LOLA, a subscription service delivering tampons and pads, and now other products, including condoms, lubricant, and feminine cleansing wipes, has closed on $24 million in Series B funding. While the startup touts its products’ “100% organic” nature, it’s also well-received because of the customization offered and its direct-to-consumer nature.
The new round of financing was led by private equity firm Alliance Consumer Growth (ACG), with support from existing investors Spark Capital, Lerer Hippeau and Brand Foundry Ventures.
To date, LOLA has raised $11.2 million, from investors including also BBG Ventures, 14W, the founders of Warby Parker and Harry’s, Sweetgreen, Bonobos, and Insomnia Cookies. Celebs like Serena Williams, Karlie Kloss, Lena Dunham, and Allison Williams have also invested.
Launched in 2015, LOLA’s founders Alex Friedman and Jordana Kier had the idea to challenge industry giants, like Tampax and Playtex, with a 100% organic product.
“We founded LOLA with a simple and seemingly obvious idea – as women, we shouldn’t have to compromise when it comes to our reproductive health,” explains Kier. “Like most women, we’d been using the same feminine care products since we were teenagers. But when we found out that brands – including the same ones we were loyal to all those years – aren’t required to disclose exactly what’s in their products, it made us wonder: what’s in our tampon?”
“If we care about everything else we put in our bodies, products for our reproductive health shouldn’t be any different,” she states.
LOLA’s tampons, pads and liners are made only with organic cotton, not synthetic fibers, like those used mainstream brands. Nor do they contain fragrances or dyes.
The nature of its products appeal to consumers – especially, young millennial women – who are more conscious of the chemicals in their products, as well as those who want to buy organic for the environmental benefits.
That said, there’s a bit of debate over how dangerous (or not) it is to use traditional feminine care products. Skeptics, including some doctors, insist there’s no threat from conventional products.
But even women not concerned with buying organic may find LOLA appealing because of its model.
Its subscription service lets you create a box with your own mix of tampon sizes (with or without applicators, which can be either cardboard or plastic). That’s something you can’t do when buying off the shelf.
Plus, LOLA’s boxes aren’t any more expensive than those bought in the store. Its 18-count box of applicator tampons is $10 per month; or it’s $9 each, if ordering two or three boxes per month. Non-applicator tampons are a dollar less.
In addition, LOLA sells other period-related products, including an essential oil blend for cramps, a multi-vitamin that protects against PMS, and a first period starter kit.
In May, the startup broadened its mission to become more of a female health company with the launch of SEX by LOLA. This product line includes condoms, personal lubricant, and all-natural feminine cleansing wipes for women. It’s the startup’s first product line outside of feminine care.
“Until now, there wasn’t really a place for women to turn to for honesty, reliability and information when it comes to their sex products,” says Kier of the new product lineup. “Historically, sexual wellness companies have been primarily marketed towards men and promote products that contain obscure ingredients and unnatural additives.”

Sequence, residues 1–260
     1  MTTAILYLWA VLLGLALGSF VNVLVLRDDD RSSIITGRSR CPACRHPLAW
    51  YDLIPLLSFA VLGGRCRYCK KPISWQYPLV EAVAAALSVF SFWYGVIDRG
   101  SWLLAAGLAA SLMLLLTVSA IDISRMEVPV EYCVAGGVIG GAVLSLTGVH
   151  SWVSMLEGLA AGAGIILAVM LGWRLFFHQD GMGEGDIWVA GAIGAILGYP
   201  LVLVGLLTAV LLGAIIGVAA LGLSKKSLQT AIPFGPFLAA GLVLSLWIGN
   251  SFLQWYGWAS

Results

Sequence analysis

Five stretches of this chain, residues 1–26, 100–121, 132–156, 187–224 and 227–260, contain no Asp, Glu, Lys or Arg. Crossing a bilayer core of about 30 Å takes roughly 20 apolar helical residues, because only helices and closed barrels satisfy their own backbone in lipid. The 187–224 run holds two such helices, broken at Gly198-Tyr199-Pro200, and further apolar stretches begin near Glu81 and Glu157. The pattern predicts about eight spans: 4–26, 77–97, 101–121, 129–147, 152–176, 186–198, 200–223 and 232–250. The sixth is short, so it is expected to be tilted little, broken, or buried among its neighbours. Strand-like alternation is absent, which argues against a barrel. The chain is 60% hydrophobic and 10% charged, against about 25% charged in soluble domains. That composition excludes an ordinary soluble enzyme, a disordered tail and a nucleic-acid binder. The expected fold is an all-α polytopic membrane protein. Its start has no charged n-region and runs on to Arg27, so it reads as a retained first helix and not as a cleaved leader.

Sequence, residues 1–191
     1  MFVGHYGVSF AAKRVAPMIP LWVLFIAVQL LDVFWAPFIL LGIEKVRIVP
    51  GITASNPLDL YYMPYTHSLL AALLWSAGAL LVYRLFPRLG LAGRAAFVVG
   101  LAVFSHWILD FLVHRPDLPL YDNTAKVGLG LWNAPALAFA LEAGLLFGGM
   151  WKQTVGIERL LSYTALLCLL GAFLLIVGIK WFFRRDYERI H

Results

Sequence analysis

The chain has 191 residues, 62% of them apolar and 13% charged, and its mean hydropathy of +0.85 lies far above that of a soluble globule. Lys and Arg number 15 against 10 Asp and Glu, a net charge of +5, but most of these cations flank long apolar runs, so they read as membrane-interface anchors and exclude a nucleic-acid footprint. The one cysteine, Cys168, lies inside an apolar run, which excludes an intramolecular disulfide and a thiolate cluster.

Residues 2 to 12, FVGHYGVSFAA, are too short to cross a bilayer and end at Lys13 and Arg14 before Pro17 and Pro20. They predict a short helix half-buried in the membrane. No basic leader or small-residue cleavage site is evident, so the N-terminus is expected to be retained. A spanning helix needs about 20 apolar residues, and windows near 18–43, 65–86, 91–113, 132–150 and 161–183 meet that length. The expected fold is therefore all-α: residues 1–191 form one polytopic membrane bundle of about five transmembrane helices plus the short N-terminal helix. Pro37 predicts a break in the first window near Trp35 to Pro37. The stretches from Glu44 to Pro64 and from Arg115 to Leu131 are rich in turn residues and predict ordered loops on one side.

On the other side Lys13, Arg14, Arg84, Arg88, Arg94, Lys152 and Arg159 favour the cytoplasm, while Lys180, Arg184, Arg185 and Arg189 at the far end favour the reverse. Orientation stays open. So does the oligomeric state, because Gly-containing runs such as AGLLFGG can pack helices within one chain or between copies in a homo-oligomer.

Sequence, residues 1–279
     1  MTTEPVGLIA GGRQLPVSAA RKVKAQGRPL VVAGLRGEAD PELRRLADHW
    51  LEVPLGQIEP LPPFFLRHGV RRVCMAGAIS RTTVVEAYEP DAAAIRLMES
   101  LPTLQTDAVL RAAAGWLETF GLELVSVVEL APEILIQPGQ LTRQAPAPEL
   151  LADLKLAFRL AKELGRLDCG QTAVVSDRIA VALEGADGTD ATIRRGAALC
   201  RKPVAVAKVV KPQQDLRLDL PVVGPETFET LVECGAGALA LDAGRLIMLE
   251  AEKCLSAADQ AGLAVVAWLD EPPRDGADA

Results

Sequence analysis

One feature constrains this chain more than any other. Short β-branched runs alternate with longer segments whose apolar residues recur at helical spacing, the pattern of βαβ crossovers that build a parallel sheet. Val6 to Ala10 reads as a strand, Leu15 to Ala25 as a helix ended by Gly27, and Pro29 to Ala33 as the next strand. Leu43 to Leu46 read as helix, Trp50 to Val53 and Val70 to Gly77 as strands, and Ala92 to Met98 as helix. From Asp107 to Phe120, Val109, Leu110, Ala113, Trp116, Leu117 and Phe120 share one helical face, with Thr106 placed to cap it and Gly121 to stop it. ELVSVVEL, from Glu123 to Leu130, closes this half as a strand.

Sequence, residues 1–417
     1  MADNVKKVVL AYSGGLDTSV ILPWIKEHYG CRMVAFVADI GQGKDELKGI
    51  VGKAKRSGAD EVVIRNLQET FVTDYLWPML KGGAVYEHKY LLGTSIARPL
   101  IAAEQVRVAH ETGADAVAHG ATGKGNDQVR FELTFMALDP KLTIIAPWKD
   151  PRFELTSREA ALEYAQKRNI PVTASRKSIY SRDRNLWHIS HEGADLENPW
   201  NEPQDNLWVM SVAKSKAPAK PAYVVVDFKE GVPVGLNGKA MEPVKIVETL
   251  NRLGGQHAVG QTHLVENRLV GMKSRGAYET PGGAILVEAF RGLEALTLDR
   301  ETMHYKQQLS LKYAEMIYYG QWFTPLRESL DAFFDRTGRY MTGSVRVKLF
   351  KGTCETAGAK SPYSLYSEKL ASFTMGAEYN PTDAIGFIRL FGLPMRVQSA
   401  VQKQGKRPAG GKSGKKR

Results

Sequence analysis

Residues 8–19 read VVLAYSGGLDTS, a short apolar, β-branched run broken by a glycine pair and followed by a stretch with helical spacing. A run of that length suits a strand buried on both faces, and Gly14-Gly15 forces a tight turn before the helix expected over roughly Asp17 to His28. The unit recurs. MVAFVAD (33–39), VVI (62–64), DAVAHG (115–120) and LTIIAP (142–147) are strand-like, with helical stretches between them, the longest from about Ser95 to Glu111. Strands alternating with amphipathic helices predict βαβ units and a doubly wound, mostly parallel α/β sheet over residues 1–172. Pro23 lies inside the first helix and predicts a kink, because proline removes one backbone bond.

SEX by LOLA products, on the other hand, don’t have “irritating” additives, the founder explains, but still deliver the sensation and reliability you’d expect, she says.
These new products are also offered on subscription, starting at $10 per month for a 12-count box of condoms or 12-count box of cleansing wipes.
The company plans to use the Series B funds to finance product development, expand customer outreach – including through events, partnerships and offline – and expand its 19-person, currently New York-based team.
More importantly, perhaps, is throwing more fuel on the fire, as LOLA is no longer without competition.
There are a number of subscription startups for feminine products on the market today, including Le Parcel (which also ships chocolate); organic rival Cora, which focuses on discrete, portable tampons and carrying cases; Jessica Alba’s The Honest Company (which just got $200M) and sustainable competitors like Flex’s tampon alternative, as well as other reusable menstrual cups, like Diva Cup.
And, of course, you can subscribe and save on Amazon to almost anything, including tampons.
LOLA declines to share details related to the size and growth of its customer base or its revenue, so it’s difficult to rank LOLA in terms of its competition.
Where LOLA may have some leverage, however, is encouraging more open discussions about female reproductive health, and engaging its customers through social media. The startup touts 6 times the number of Instagram followers compared with mainstream brands, for example, and says 1 in 4 customers have directly engaged with its brand over a variety of communication channels, including calls, emails, DMs, texts, and letters.
ACG’s investment could help LOLA become more of a household name. The firm has previously backed brands like Harry’s, Pacifica, Shake Shack, Plum Organics, PDQ, barkTHINS, EVOL Foods, Suja Juice, Nudestix, and others.
“LOLA is at the epicenter of the shift towards transparency in the women’s health category, and we couldn’t be more impressed with the brand Alex and Jordana have built and the impactful conversation they’ve driven,” said Alliance Consumer Growth Managing Partner, Trevor Nelson, in a statement about its funding. “We’re thrilled to welcome LOLA into the ACG family and support their continued evolution and product innovation, enabling them to meet their consumers’ needs,” he added.